Monday, January 26, 2015

Prevention Effectiveness Requires Transactional Consistency

By Doug Brockway
January 26, 2015

As discussed in this related post there is a minority of doctors and pharmacists that are consciously and intentionally involved in the diversion of prescription drugs will not turn themselves in based on what is shown in a PMP data base.  On the other side of the transactions are patients who intentionally take advantage of inconsistencies in our prevention systems and processes to gain access to drugs they should not have.  These are the doctor shoppers that PMPs are trying to stop.

Key goals of PMPs include the ability to review a patient’s prescription history, avoid duplication of drug therapy or possible drug interactions, and enable appropriately coordinated care across providers. But PMP data are subject to error in the interpretation by myriad physicians and pharmacists each applying their individual interpretations and doing it with different levels of diligence each time. This contributes to PMPs, as currently engineered, to being inadequate to the task of preventing opiate abuse.

One key issue with PMP data in this regard is that there are spelling, keying errors and missing information.  The PMP may have data for John Q. Public, John Public, J.Q. Public and more.  The underlying records for the patient are not likely the same.  In the terms of systems security, the physician must authenticate and verify the identity of the patient, decide which records to use, and then make a series of interpretations before deciding whether a patient is at risk for doctor shopping.

Another key issue is the delay or “float” in PMP data.  The most ambitious states require data to be submitted by pharmacists within a week of fulfillment, most are less strict.  When a patient who is not doctor shopping visits a doctor it will more likely not be within that one week window.  Their PMP record will be up-to-date.  A doctor shopper is more pressed by time, will see many providers within a week.  Their histories of opiate use will be out-of-date.

Combined, these weaknesses create a system that either is not repeatable in its application or, since it uses incomplete data, is repeatably evaluating incorrectly.  We need a system and process that is both repeatable and accurate.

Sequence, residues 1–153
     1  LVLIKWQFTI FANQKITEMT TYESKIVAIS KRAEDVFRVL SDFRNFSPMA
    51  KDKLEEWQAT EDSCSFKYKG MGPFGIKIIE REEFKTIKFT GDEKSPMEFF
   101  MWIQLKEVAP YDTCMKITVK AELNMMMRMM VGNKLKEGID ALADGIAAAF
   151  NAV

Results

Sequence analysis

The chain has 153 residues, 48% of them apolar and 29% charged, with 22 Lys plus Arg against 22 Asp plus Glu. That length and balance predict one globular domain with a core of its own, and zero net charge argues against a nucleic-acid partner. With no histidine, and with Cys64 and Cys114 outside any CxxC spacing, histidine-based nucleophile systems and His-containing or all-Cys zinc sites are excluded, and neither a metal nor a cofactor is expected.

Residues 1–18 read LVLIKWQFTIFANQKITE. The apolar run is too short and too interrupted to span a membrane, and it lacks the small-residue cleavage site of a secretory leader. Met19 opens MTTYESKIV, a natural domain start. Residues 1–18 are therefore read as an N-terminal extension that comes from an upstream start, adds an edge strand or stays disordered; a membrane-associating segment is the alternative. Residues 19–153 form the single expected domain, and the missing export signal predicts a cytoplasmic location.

Having a doctor or pharmacist interpret PMP data to evaluate if a patient is doctor shopping can be viewed as akin to a clothing salesperson or store manager interpreting your credit history to see if you should be able to buy that sweater you like.  The same salesperson will react differently to different customers, even to the same customer at different times and under different circumstances.  In the case of retail the basic analysis is done via computer separate from and agnostic to the sale, not by the person doing the selling.  Crucially, this is done in real-time with the swipe of a credit card or, more recently, with the presentation of an Apple Pay or similarly enabled mobile payment device.  Real time is important because if the checking is too time consuming and burdensome then the checker will often put in a less than stellar effort.

We’re all familiar with and depend on second opinions from doctors when we seek care.  We want to be sure that all possible diagnoses and proscriptions are considered and the best course of action is available to us.  A patient who is doctor shopping also relies on this variance but for dark purposes.  They want to use or sell pain killers. These doctor shoppers use the inconsistencies in doctors’ attention to, thoroughness regarding and interpretations of need for care to see multiple doctors until they get the outcome they want, additional opiates.  PMPs will be more effective when they are able to tighten the loopholes, make data (and thus interpretations) more consistent and up-to-date, and provide basic analysis of PMP data in real time at the point of care.

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